The tasks are TROPICS, EMIT, JPSS and SWOT. Each of them offers something unique and adds a new way to understand and protect our home
Outer space is a great place to go if you want to explore Earth. Although outward-looking spacecraft like Hubble and the much-anticipated James Webb Space Telescope get most of the public's attention—understandably because of the spectacular images of distant astronomical phenomena they send back—the vast majority of satellites in orbit are actually focused on our home planet. Viewing the Earth from space has unique advantages for scientists who hope to measure changes and patterns here on Earth that cannot be measured from the ground. In 2022, NASA will launch four new Earth science missions, each offering something unique and adding a new way to understand and protect our home:
1. Time-separated observations of precipitation structures and intensity of storms using a group of small satellites (TROPICS)
The first mission is TROPICS, which is not one satellite but a group of six small satellites. These small satellites will jointly study tropical storms. They will make microwave measurements of these large storms and will be able to observe precipitation levels, temperatures and humidity as they form. Despite the small size of the satellites, the advantage TROPICS will have over traditional weather satellites is their ability to take measurements more frequently, which will make it easier to see how storms develop and change over time. The result will be better models and forecasts when tropical storms occur.
2. Investigating the sources of mineral dust on the surface of the country (EMIT)
EMIT is not a space vehicle in its own right, but a device that will be attached to the International Space Station in 2022. Its main purpose is to study dust in the Earth's atmosphere, dust that the wind collects in arid regions and carries around the world.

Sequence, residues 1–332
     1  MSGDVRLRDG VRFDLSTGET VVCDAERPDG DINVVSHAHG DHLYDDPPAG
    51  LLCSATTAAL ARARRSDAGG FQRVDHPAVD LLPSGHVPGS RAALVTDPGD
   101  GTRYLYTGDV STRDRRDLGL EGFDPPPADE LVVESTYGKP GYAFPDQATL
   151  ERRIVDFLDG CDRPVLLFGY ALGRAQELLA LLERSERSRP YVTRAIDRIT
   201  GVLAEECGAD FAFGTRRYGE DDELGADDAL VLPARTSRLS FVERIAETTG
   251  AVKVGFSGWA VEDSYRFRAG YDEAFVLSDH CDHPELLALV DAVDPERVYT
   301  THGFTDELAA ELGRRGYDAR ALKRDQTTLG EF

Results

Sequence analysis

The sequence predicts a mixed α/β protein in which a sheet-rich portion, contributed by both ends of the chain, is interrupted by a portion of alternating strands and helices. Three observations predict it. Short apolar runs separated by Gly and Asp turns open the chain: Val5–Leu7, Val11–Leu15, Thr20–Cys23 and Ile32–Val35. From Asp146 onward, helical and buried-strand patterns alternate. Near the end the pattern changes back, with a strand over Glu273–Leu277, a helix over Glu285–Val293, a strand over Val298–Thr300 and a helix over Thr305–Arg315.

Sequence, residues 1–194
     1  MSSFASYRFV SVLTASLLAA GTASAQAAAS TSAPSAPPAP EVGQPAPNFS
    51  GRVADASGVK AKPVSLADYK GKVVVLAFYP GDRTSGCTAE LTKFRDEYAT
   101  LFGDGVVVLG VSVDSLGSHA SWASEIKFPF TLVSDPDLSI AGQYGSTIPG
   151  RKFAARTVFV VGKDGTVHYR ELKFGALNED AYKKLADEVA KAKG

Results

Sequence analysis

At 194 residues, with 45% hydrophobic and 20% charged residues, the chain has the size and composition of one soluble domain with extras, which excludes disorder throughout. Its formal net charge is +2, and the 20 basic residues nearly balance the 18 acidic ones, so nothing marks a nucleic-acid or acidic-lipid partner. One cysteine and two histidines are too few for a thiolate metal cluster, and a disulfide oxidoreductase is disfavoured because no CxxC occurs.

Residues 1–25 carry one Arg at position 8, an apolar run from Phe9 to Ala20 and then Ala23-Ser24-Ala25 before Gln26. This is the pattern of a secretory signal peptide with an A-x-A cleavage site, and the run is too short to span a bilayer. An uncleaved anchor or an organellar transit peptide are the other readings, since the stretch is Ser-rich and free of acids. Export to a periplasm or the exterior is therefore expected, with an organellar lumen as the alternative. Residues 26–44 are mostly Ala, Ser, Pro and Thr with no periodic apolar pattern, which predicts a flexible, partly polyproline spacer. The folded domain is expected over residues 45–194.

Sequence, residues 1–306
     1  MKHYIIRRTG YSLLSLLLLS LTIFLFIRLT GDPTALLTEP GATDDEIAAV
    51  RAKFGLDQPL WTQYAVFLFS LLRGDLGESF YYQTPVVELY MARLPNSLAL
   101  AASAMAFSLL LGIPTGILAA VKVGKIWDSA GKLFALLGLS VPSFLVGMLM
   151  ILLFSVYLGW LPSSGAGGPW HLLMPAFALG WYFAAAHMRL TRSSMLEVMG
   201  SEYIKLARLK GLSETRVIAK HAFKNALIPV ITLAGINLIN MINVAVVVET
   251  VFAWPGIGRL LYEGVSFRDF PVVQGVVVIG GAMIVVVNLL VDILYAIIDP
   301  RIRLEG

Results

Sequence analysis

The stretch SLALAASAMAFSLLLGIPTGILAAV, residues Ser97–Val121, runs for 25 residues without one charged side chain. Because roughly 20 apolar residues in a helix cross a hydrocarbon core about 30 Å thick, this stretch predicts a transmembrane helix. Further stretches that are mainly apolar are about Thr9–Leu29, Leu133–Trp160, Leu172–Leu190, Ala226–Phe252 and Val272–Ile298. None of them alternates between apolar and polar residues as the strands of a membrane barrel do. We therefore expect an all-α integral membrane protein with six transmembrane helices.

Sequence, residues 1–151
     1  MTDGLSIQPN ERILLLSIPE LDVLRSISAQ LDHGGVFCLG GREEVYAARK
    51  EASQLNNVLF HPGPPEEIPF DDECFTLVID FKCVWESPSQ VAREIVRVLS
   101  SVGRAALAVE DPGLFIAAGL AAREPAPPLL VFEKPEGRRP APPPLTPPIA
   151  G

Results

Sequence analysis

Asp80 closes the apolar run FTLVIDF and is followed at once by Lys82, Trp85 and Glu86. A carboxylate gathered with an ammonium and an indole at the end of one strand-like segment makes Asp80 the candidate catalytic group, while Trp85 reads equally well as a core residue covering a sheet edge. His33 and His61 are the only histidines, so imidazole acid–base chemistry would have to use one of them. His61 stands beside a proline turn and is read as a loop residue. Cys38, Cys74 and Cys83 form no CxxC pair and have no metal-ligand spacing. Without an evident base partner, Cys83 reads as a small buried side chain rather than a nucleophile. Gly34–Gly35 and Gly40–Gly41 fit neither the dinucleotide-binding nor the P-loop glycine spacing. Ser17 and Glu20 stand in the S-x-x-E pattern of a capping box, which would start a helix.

3. A system of shared polar satellites ( JPSS )
"Polar" in the name of this mission does not refer to the research object but to the type of orbit. JPSS is a series of satellites that orbit the Earth from the North Pole to the South, with the Earth rotating below, and this allows them to survey the entire Earth, twice a day. These weather satellites will provide data on ocean and atmospheric temperatures, as well as information on forest fires and other important weather events.
4. Topography of surface waters and seas (SWOT)
SWOT is a large single satellite designed to measure water level changes in the Earth's seas, lakes and rivers. It will be the first ever global survey of the world's surface waters.
The SWOT satellite is attached to a platform at the Thales Alenia Space Center in Cannes. Credit: Emmanuel Briot (Wikimedia Commons)
SWOT enables a vital capability that is currently lacking in the Earth observation fleet, and its importance will only increase in the coming years as climate change and overuse contribute to water shortages in many parts of the world. SWOT can provide researchers with information on the amount of fresh water available, changes in river routes with the seasons, and changes in sea level. Its main device is a radar interferometer that sends a signal down to the surface of the water and picks it up again using two different antennas. SWOT is scheduled for launch on a Falcon rocket November 9, 2022.
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